In 2012, when the trustees of the John F. Kennedy Center for the Performing Arts in Washington were selecting an architect to expand the facility, they knew they had an unusual challenge. The problem was not that the imposing structure, completed in 1971 by Edward Durell Stone, was so good that any change could damage its aesthetic. On the contrary, it has long been considered an overblown example of monumental modernism in its dated, classicizing symmetry and white marble cladding. Ada Louise Huxtable’s epigrammatic conclusion to her New York Times critique seemed to be its epitaph: “It is a cross between a concrete candy box and marble sarcophagus in which the art of architecture lies buried.”

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Yet, decades later, the memorial-cum-performing-arts venue lived on, though in need of more rehearsal space, classrooms, and event areas. The problem was how to come up with an expansion that enlivened the whole and avoided the leaden demeanor of the original. (Previously, the board had deemed a proposal by Rafael Viñoly in 2003 to be too ambitious, although it had tried to relate the center on its promontory along the Potomac River to the rest of the city—a concern that didn’t go away.)

On this recent foray, the center selected Steven Holl Architects (SHA) in an invited competition over runners-up Diller Scofidio + Renfro, Richard Meier & Partners, and Pei Cobb Freed, favoring SHA’s emphasis on making the most of the landscape and connecting the complex to the river.

In providing a new 72,000-square-foot, $250 million annex, which opened September 7, SHA worked with associate architect BNIM in adopting a design approach that embraces opposites. As a counterpoint to the single big box perched above the Potomac, Holl and his team created three separate, abstract forms, partially embedded in the earth and connected to each other underground. Rather than the symmetrical and hierarchical organization of Stone’s opera house, concert hall, and a theater, SHA has designed a meandering series of flexible spaces. The Welcome Pavilion, closest to the Kennedy Center, holds the entrance lobby, leading to rehearsal spaces, classrooms, and an auditorium. A second pavilion contains a café, and the third is an event space, defined by a dramatic concave wall.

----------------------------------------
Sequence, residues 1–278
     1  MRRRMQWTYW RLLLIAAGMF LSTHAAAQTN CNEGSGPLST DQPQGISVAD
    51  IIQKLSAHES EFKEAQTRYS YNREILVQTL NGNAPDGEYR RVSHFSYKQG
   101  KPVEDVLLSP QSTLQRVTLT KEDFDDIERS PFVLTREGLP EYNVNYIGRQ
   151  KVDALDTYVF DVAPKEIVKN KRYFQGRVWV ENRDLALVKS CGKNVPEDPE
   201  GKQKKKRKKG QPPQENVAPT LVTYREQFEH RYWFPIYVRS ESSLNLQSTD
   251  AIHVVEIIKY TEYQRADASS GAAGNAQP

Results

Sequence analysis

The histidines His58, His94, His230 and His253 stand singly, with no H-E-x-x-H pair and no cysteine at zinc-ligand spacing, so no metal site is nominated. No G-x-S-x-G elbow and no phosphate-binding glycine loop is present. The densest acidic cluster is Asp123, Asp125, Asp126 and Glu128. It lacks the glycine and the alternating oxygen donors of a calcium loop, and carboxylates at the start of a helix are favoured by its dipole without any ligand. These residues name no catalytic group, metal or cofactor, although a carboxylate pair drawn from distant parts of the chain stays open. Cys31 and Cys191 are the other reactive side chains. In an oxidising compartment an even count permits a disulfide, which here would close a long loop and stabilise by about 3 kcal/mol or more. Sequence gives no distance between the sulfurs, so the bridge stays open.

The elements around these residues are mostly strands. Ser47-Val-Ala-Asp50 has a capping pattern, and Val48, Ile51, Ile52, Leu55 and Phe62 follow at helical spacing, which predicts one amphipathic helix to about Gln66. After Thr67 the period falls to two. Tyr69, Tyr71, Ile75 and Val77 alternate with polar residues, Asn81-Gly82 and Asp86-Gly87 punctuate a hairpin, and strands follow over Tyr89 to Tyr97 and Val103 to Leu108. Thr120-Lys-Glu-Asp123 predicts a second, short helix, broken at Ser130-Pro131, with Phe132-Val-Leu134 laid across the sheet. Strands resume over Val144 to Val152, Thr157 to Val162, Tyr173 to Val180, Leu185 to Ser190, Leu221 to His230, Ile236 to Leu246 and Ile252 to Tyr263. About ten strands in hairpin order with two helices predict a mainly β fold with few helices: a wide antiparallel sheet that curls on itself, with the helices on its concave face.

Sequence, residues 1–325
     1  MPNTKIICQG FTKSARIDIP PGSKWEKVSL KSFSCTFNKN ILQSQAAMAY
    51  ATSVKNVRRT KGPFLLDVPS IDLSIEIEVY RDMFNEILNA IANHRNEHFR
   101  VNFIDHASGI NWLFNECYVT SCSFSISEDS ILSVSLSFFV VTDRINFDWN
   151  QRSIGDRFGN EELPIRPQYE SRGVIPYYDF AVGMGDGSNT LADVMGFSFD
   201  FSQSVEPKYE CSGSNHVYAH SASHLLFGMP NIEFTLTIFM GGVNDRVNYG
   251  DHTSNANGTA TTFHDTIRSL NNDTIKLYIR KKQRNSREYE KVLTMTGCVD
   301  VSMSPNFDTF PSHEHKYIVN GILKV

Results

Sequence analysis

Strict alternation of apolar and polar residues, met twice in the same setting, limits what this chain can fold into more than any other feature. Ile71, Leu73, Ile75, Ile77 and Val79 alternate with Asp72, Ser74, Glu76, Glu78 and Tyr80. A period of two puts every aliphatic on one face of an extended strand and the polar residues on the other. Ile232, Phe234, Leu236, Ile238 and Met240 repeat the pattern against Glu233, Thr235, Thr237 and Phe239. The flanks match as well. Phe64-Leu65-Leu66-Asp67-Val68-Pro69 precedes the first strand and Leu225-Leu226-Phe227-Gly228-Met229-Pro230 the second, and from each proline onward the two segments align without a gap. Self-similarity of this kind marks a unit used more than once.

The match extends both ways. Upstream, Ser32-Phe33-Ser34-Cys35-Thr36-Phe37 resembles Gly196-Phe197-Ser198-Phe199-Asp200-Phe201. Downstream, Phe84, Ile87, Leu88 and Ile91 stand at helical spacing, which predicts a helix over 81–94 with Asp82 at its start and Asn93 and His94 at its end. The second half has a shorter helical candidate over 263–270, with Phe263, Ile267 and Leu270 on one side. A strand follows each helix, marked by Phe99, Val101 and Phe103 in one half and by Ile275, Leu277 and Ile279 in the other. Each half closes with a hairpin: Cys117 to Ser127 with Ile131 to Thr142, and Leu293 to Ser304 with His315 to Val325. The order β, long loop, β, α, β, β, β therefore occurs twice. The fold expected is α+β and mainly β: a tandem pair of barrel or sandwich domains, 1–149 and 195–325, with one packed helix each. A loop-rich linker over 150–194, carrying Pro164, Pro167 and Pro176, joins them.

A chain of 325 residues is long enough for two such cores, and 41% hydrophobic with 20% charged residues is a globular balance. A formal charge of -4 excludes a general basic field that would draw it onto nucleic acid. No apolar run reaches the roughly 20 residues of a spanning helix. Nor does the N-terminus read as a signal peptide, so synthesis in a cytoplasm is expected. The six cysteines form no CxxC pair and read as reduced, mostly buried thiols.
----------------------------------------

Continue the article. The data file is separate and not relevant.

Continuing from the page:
With Holl, what happens in section arguably is more important than the plan. Walls may be curved or flat, tilted or straight; ceilings may drop and rise, or be topped by a skylight; and stairs, balconies, and bridges overlook spaces below to give visual access to various activities. As you thread through the different labyrinthine levels here, you are aware of optical, haptic, and kinesthetic sensations fused into a shifting perceptual experience.

If the overall design concept appears familiar, it should: Holl’s addition to the Nelson-Atkins Museum of Art in Kansas City involved a series of irregularly shaped polyhedral forms embedded in the hillside next to the classical pile designed in 1933 by Wight and Wight. The success of SHA’s Nelson-Atkins addition owes much to its above-ground structures’ having walls of channel-glass planks, separated from laminated glass by a 3-foot space for fluorescent tubes. The shimmering opalescent effect by day (the sun glinting off the surface) and night (from the inner glow of lighting) made the architecture, nestled within greenery, smashing. Inside, the sequence of new galleries flowed with a strong sense of continuity as the spaces gradually dropped down the hill.

At the Kennedy Center annex—which is called the Reach, a somewhat New Agey term expressing the center’s ambitions to extend to younger audiences—the construction is largely poured-in-place concrete, alternating with glass expanses. White cement and sand, along with recycled furnace slag, is mixed with titanium so that the tone approaches the gleaming whiteness of Stone’s Carrara-marble hall.

The concrete walls show the imprint of 4-inch tongue-and-groove Douglas fir boards that lined the CNC-milled plywood forms. The pour is impeccable. You notice this especially where walls arc upward. But material’s surface is not the only noticeable feature: “The voids between the pavilions are as important as the solid shapes,” says SHA senior partner Chris McVoy. “The building profiles cup the spaces and frame the views.”

The glazing in the pavilions is either transparent or translucent—etched on the outer surface, with a white film laminated between the double lites. Linear LED tubes at the tops give these milky expanses a luminous glow by dark.

The materials inside are striking as well. Project architect Garrick Ambrose helped develop a crinkle concrete for acoustical purposes in the auditorium (which seats 144) and in three studios. To accomplish this, the team folded and crumpled a 4-by-10-foot aluminum sheet, which became the template for rubber molds used for casting the concrete on-site. The result is a 3-inch-deep random relief of exposed concrete that breaks up sound—and appeals to the sense of touch.